THE STATE government is preparing to take over the counselling and admission process for private and deemed medical and dental institutes, a step it has been considering for almost two years. A notice on this will be issued soon by the Directorate of Medical Education and Research (DMER) after the Medical Council of India (MCI) on March 11 instructed state governments to conduct admission to all medical and dental colleges. The MCI order has strengthened the state’s claim over the admission process before a hearing in the High Court over the matter scheduled on Tuesday. “We will go ahead with the MCI’s order and issue a notification. Our case has become stronger,” said Pravin Shingare, director, DMER.
While the High Court sided with the private and deemed college management, the DMER won the case in the Supreme Court in September 2016. By then, admissions to most seats had been conducted, and while the apex court did not term those invalid, it said that around 350 seats that are still vacant would be filled by the state. For the academic year 2017-18, it said the decision for deemed and private medical colleges would be taken by the Bombay High Court. The case will be heard on Tuesday. “We are confident that the High Court will side with us this time,” said Shingare.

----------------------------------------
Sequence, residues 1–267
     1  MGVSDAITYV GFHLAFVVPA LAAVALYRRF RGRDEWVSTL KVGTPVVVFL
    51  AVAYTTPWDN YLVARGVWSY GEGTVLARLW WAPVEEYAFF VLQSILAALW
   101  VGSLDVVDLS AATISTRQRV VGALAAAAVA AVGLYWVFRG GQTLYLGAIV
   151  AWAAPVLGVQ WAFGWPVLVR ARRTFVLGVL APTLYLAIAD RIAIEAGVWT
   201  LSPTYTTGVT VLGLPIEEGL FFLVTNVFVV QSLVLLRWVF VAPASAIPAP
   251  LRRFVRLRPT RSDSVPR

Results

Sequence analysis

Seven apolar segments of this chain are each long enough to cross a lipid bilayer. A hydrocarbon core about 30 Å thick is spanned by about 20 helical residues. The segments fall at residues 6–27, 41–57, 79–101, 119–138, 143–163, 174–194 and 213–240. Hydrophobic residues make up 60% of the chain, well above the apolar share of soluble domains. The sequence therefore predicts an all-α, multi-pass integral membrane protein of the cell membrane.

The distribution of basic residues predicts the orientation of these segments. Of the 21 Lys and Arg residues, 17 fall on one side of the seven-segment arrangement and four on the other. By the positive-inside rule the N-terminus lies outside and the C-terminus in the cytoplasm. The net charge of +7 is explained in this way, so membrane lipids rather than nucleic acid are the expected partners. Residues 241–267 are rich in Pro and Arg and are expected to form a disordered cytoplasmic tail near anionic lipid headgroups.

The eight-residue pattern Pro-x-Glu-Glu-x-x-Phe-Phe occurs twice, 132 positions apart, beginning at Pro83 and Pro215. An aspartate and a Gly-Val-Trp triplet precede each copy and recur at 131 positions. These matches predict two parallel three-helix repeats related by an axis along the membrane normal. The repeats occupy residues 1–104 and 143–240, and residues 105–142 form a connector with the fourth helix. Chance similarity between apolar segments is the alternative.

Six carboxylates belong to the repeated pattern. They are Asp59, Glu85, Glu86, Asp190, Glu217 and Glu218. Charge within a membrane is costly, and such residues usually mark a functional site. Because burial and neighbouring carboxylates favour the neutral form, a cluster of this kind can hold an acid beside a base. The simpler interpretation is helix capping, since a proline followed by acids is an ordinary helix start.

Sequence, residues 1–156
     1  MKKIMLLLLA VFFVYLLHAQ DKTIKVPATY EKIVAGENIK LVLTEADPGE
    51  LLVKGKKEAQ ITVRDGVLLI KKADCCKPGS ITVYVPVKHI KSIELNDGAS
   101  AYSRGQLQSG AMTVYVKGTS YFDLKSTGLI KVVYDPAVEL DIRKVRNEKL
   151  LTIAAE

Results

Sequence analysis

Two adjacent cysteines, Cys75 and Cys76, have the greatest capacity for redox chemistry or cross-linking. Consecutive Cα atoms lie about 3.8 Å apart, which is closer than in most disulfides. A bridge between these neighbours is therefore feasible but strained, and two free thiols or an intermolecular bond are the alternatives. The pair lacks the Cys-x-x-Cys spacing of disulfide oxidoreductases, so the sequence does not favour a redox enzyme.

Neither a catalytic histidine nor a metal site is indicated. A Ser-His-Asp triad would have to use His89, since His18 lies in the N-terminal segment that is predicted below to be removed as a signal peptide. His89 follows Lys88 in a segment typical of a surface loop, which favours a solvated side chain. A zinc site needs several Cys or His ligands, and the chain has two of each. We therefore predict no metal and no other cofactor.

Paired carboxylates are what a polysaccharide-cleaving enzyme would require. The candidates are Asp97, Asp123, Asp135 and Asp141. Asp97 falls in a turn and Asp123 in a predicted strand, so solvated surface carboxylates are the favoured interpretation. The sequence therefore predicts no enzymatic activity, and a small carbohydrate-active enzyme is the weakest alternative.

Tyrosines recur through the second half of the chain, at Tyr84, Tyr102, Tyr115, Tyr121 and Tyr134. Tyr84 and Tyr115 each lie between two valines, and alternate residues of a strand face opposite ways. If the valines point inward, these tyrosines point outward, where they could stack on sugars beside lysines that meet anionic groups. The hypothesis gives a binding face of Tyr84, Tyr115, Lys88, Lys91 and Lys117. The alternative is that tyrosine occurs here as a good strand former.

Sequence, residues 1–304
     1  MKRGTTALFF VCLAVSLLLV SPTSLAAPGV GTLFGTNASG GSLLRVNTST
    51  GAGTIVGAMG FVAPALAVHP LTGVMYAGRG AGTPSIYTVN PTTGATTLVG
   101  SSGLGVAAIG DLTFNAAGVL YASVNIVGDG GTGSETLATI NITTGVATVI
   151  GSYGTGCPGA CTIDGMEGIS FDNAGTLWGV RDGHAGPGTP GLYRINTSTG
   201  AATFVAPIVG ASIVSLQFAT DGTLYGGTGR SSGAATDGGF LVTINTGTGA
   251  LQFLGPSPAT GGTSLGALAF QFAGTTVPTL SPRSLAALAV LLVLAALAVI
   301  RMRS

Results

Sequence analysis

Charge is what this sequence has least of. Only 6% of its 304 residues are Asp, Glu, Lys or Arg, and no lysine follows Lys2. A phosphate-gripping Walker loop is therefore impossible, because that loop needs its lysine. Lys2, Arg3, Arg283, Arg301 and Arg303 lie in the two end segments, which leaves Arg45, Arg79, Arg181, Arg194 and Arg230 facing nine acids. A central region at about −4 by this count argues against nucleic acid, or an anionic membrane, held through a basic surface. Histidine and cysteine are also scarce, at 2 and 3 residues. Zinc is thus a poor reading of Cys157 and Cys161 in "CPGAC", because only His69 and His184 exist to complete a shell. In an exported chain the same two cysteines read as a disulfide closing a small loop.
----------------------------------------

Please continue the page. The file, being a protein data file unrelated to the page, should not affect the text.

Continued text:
The colleges are yet to decide on whether to challenge the MCI order. “We are awaiting the High Court verdict and haven’t decided on the further course of action,” said Kamal Kishor Kadam, president of the Unaided Medical College Association. “After the hearing on Tuesday, we will go through the MCI order and decide whether to challenge it,” he added.
As the state prepares a stronger case, medical aspirants and their parents are relieved that the admission process will be conducted through a single-window system. “Earlier, applicants had to go to individual colleges for counselling and confirming their admissions. They had to pay admission fee separately. Now, this will be streamlined and there will be more transparency,” said Mahendra Choudhury, whose son will take NEET, 2017.
Choudhury said while the common admission process was a benefit to aspirants, it was not enough. “The state must now work towards regulating the fee in private and deemed medical colleges,” he said.